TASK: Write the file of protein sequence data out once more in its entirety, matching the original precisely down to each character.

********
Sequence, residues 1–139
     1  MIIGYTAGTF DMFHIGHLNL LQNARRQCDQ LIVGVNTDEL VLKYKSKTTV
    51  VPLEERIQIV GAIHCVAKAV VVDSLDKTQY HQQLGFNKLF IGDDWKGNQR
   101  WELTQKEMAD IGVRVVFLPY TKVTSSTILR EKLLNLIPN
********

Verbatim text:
Sequence, residues 1–139
     1  MIIGYTAGTF DMFHIGHLNL LQNARRQCDQ LIVGVNTDEL VLKYKSKTTV
    51  VPLEERIQIV GAIHCVAKAV VVDSLDKTQY HQQLGFNKLF IGDDWKGNQR
   101  WELTQKEMAD IGVRVVFLPY TKVTSSTILR EKLLNLIPN